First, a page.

Wednesday, February 20

A couple of Ben pix

It’s been awhile since I’ve shown grandson Benjamin. He’s still growing and getting smarter by the day. Here he is reading about the physics of water—how it can be in vapor phase, liquid, or solid. He is especially interested in how water crystals, always hexagonal, can be unique. No two are alike.

Here Ben examines water crystals. He spent more than an hour increasing his knowledge of the subject. He found out that you can use this stuff called snow to make a ball.

You can throw the ball and a dog with no name (background) will chase after it. But the dog won't bring it back to you—that's something the dog will have to learn. Ben is a willing teacher, so that will happen before too long. The ball may have to be made of something other than snow since that's not always available. Ben is now studying the physical attributes of rubber to see if it can be made into a viable ball.

Photos: Hilary Hurley Painter

We got snow!

Rain gauges don't measure snow very well
 For only the second time since we’ve lived here (30 plus years) we got a whole lot of snow all at once. We measured six inches (150 mm) this morning before the sun came up and it started melting away.

Three of the dogs accompanied us. The fourth, who is yet to be named, stayed back—he's only four months old.
Karla and I took a hike down the road a little over a mile to the new house; it wasn’t drivable due to so many fallen trees. Some parts of the road had become like inch-deep mud pudding where the sun melted the snow.

Grampa and nephew? Only they know for sure.

On the way she spotted a set of bear tracks, “…a momma and a baby,” she remarked. I questioned her observation—“How do you know it isn’t a grampa and a nephew?”

The view south from the new house's bedroom window.
For the next few days we will be cleaning up after the storm. Several trees around the old house shed a whole lot of limbs. I learned that if you want to avoid having to clean up after a snow storm, don’t introduce non-native trees that aren’t immune to the local weather. There wasn’t any damage to the trees at our new house site.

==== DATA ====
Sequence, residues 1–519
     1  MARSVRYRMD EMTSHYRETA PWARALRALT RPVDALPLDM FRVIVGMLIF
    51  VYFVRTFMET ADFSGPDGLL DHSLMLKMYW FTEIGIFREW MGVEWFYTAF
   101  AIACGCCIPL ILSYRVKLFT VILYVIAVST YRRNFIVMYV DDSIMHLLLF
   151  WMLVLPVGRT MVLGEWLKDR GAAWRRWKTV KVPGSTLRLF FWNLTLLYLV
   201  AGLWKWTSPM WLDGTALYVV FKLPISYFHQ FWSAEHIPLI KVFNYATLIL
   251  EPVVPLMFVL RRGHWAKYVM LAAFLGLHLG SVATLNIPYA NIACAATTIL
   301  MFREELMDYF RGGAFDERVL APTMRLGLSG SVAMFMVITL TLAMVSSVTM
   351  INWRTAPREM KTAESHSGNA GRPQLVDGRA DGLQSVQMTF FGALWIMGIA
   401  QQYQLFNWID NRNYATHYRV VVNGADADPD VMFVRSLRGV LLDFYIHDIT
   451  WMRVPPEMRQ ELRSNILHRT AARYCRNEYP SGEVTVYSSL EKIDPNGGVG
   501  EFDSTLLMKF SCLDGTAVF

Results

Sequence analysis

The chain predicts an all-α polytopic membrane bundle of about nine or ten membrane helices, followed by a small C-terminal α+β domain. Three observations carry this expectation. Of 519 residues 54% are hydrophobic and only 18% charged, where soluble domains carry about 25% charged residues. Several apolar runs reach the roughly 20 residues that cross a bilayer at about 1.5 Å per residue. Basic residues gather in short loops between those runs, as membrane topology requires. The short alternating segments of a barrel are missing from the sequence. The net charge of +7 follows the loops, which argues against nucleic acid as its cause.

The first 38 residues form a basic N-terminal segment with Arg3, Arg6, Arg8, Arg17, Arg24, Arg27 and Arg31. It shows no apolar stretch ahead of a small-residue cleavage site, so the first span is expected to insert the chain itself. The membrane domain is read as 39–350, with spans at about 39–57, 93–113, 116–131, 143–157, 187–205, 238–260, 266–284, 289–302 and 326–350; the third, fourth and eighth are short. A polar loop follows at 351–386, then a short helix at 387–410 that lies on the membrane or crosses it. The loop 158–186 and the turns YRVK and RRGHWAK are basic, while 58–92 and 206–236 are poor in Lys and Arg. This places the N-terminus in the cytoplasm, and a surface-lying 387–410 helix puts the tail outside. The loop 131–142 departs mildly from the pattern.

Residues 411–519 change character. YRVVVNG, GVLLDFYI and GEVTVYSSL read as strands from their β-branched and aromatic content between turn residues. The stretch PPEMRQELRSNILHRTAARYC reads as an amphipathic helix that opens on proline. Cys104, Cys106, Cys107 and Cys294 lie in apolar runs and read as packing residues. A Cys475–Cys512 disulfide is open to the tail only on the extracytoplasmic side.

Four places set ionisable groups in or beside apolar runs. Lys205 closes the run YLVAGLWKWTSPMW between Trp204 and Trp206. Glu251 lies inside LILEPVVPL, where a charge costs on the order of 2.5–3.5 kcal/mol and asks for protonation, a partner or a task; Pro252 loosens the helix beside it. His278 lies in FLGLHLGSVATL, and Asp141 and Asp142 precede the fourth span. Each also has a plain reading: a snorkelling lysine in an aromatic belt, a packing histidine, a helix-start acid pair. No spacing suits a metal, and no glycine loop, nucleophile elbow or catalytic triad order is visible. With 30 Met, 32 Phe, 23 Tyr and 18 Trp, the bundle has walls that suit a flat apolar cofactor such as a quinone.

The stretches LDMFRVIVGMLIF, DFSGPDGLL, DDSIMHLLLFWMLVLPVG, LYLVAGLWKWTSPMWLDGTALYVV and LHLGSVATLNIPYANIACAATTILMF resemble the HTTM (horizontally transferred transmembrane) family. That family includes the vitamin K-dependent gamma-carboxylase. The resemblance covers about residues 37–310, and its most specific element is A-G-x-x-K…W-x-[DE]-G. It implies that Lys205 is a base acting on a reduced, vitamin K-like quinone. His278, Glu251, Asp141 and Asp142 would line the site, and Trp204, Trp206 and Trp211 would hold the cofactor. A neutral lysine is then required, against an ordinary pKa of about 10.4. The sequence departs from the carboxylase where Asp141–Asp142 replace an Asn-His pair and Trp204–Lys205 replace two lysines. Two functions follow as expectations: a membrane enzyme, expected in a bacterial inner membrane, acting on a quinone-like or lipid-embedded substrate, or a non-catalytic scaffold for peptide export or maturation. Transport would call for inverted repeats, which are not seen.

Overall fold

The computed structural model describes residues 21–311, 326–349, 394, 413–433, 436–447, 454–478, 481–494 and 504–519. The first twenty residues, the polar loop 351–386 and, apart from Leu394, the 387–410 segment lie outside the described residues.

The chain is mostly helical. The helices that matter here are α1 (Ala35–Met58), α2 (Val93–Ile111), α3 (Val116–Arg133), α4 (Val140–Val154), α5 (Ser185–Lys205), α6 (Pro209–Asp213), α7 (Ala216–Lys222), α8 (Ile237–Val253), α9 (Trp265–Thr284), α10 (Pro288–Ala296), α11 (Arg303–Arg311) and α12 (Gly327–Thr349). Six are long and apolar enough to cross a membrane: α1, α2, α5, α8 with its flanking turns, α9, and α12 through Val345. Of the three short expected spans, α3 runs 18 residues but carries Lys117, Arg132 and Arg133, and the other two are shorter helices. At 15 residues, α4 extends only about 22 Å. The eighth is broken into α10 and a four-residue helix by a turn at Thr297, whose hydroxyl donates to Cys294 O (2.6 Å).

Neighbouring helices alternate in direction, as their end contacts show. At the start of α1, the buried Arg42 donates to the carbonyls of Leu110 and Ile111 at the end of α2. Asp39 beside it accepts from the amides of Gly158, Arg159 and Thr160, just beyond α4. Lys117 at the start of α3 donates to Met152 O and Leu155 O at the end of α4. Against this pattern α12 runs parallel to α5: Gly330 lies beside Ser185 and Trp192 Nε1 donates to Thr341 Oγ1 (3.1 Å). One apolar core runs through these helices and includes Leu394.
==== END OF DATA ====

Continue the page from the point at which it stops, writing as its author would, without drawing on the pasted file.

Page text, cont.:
’Snow fun when you want to say it’s snowing

It is uncommon for us to get snow here at only 1,600 feet elevation in Central California, but it’s happening right now. I would like to blog about it and post the blog as it happens, but when I try to connect to the blogosphere via satellite, I can’t do it. Turns out the snow builds up on the dish part of our antenna, thereby changing its shape at microwave frequencies and sending our signal to Mars or Jupiter instead of the relay satellite in orbit around Earth. Dang.

The upside is that my hordes of readers on Mars and Jupiter get my post instead. Due to the distance between Earth and Mars and Jupiter, by the time their comments arrive at my satellite dish, the snow has melted and I can’t receive them. But I know they’re there, and thank all of them anyway.

Will follow up with pictures later today.

Monday, February 4

Speed on steroids

Living in the boondocks has its drawbacks. Like not getting fast Internet speeds. Today we got a new satellite system installed, replacing the old satellite system we have had for over ten years. It’s fast. There’s a Web site that I look at occasionally which consists of 50 or so time-lapse screen-filling full-color satellite images of weather over half the continent. It usually took three or four minutes to load all the images before it would play. This afternoon, it took less than ten seconds!

Four-minute download reduced to under ten seconds!
Wow! Civilization-speed Internet in the wild! Using the new system I wrote an email to a friend, and even before I hit the Send button, I got her reply!

I am awed. I’m also odd, which rhymes.

Saturday, February 2

Walls get packed

The insulation people came and in less than six hours had all the exterior walls, the floor and the ceilings throughout the house packed full of insulation. The ceilings got the thickest fiberglass, which measures nearly a foot thick. The exterior walls got the next thickest, along with the underside of the floors. The entire house is a soft cocoon now, and when you walk through the silence is deafening.

"I'll be making music in a room where the walls are packed with candy!"

Some of the interior walls also got insulated for soundproofing. Karla is shown in the piano room, which got the most insulation of all since grand pianos are really loud. That room also got some sound-deadening board between it and the rest of the house’s interior. Here she stands by one wall where, when the crew ran out of the gray-brown material on the left, cleverly substituted pink cotton candy.